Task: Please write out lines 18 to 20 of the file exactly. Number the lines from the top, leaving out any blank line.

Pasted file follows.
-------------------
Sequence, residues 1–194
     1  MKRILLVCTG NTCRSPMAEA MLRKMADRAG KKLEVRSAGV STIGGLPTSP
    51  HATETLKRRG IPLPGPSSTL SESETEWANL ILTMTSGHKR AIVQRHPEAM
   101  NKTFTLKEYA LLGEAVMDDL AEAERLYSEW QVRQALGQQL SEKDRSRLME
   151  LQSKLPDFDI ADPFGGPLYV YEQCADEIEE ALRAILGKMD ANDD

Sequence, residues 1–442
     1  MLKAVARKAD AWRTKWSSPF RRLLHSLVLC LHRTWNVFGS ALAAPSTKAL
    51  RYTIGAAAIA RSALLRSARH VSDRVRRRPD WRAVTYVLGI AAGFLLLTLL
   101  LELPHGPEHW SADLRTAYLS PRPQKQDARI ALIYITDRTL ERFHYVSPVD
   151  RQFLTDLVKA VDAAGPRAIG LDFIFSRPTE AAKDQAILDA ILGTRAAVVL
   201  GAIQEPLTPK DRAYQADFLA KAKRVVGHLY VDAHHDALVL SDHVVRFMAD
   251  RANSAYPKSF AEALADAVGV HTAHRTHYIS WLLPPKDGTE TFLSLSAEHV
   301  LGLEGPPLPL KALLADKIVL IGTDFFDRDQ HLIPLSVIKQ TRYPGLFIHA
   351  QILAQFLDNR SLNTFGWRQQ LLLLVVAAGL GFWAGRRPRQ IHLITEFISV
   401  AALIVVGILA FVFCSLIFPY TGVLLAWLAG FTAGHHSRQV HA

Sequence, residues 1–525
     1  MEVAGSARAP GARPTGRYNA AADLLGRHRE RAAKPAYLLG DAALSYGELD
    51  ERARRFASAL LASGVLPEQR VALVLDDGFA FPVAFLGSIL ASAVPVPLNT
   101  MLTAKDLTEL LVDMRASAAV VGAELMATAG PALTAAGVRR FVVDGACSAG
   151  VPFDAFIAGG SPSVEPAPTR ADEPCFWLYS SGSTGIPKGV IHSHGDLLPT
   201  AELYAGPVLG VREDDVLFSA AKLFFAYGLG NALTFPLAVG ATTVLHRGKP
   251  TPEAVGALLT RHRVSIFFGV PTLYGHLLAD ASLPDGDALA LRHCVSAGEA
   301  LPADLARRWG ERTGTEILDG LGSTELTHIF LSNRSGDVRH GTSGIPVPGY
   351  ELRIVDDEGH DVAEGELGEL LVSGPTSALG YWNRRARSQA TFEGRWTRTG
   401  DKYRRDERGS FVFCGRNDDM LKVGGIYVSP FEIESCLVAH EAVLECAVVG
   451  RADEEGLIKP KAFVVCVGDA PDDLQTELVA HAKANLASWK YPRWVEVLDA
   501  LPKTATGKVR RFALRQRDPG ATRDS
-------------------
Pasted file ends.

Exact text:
    51  ERARRFASAL LASGVLPEQR VALVLDDGFA FPVAFLGSIL ASAVPVPLNT
   101  MLTAKDLTEL LVDMRASAAV VGAELMATAG PALTAAGVRR FVVDGACSAG
   151  VPFDAFIAGG SPSVEPAPTR ADEPCFWLYS SGSTGIPKGV IHSHGDLLPT